Occupational therapists and technicians from Allied Services rehabilitation hospitals have developed a way to make playtime fun and rewarding for children with disabilities. Through Allied's Annual Holiday Toy Adaptation Program, children with special needs can have their toys custom-modified so that they can use and enjoy them. Read what they have done, and contact them to see how you can set up a similar program in your area.

    Including Students with Disabilities in General Education Classrooms

    One of the educational options that is receiving increasing attention is meeting the needs of students with disabilities in the regular classroom. This digest is written for the practitioner who is working in the regular class environment with students who have disabilities.

    Information about Austism and Pervasive Developmental Disorder

    Due to the similarity of behaviors associated with autism and PDD, use of the term pervasive developmental disorder has caused some confusion among parents and professionals. This article reveals that the treatment and educational needs are often similar for both diagnoses.

    Integrating Children with Disabilities into Preschool

    These days, community preschool programs are increasingly likely to have at least one child with disabilities in their classes. Although providing early intervention to children with disabilities in an inclusive environment designed to meet the needs of all children is commonly regarded as best practice, concerns are sometimes raised about the ability of preschool programs to meet the needs of children developing normally as well as those with developmental delays. This article provides information on preschool programs that include children both with and without disabilities.

    Language-Learning Impaired Children Benefit New Training Program

    San Francisco-based Scientific Learning Corporation (SLC) unveiled today the only state-of-the-art, Internet and CD-ROM training program scientifically proven to benefit many of the ten percent of all school-aged children who suffer from language-learning impairments.

    Summer Camp Information on the Web

    Parents interested in learning more about the wide range of summer camps and programs available both nationally and internationally for disabled children can find a wealth of information online. The following are what we consider to be the best, most comprehensive directories of summer programs available on the Web, along with a couple of helpful articles on what to look for when selecting a camp for your child.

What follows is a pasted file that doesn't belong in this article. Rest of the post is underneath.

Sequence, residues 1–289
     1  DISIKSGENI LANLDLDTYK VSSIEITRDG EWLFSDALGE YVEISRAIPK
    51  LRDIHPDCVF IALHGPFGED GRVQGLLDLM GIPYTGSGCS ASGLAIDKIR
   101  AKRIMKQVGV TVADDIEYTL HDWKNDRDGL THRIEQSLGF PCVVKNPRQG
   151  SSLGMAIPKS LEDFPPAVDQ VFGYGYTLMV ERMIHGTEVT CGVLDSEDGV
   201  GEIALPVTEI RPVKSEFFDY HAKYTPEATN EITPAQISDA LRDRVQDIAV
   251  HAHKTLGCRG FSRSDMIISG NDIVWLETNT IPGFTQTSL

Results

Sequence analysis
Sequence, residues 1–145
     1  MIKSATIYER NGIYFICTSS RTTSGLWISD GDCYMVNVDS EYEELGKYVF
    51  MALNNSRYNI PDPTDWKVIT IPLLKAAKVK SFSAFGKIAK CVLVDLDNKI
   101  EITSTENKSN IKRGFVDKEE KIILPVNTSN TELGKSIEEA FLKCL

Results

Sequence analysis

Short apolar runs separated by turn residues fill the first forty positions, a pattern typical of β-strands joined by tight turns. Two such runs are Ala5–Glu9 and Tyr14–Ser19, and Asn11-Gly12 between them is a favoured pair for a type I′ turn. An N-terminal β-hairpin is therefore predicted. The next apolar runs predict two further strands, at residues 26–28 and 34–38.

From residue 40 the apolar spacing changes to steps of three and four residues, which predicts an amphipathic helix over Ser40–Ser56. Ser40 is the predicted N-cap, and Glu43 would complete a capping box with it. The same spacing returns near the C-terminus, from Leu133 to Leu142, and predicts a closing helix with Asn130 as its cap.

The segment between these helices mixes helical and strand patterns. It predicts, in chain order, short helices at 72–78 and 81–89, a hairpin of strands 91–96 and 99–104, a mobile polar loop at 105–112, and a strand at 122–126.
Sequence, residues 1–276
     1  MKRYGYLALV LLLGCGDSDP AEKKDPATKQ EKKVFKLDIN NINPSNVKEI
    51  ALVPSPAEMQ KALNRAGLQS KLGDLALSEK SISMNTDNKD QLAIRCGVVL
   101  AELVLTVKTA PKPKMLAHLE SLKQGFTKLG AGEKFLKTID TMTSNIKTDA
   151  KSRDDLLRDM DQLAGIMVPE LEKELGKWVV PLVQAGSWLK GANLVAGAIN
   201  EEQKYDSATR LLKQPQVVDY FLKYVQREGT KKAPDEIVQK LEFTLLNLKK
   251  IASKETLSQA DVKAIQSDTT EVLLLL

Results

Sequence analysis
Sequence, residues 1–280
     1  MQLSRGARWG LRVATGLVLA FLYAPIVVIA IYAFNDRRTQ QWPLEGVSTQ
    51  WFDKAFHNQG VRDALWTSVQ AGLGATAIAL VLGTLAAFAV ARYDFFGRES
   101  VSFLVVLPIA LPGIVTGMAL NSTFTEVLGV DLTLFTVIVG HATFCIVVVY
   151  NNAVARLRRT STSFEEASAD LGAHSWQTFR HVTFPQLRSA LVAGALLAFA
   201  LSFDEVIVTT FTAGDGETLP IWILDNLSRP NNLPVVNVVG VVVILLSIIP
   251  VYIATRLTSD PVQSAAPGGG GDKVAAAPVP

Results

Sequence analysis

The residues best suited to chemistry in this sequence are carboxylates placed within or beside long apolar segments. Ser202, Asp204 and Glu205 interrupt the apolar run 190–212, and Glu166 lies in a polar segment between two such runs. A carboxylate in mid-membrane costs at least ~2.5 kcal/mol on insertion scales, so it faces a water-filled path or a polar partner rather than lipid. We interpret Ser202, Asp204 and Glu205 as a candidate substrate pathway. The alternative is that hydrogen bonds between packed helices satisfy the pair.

Testing Students with Disabilities

    Generally, the best methods for assessing students with disabilities coincide with legally defensible methods for this activity. The considerations involved in assessing students with disabilities are presented in this digest under three related activities: test selection, test administration, and test interpretation, with additional considerations are noted at the conclusion.

    Children and Bilingualism

    If you are considering teaching your child a second language at a young age, then this is a good reference article for you to read. In addition, it covers questions you may have regarding speech-language problems and bilingualism.

    Study Shows Dioxin Exposure Related To Adverse Childhood Behavior And Learning Capabilities

    Children exposed to dioxins in utero during critical periods of development appear to be the most sensitive and vulnerable to the toxic effects.

    Motivating Low Performing Adolescent Readers

    The focus of this digest is be on motivating the low performing adolescent in a remedial reading or subject area classroom. The premise is that students who are disengaged from their own learning processes are not likely to perform well in school. This article provides some specific actions for parents and teachers to follow.

    Student Motivation To Learn

    The focus of this digest is be on motivating the low performing adolescent in a remedial reading or subject area classroom. The premise is that students who are disengaged from their own learning processes are not likely to perform well in school. This article provides some specific actions for parents and teachers to follow.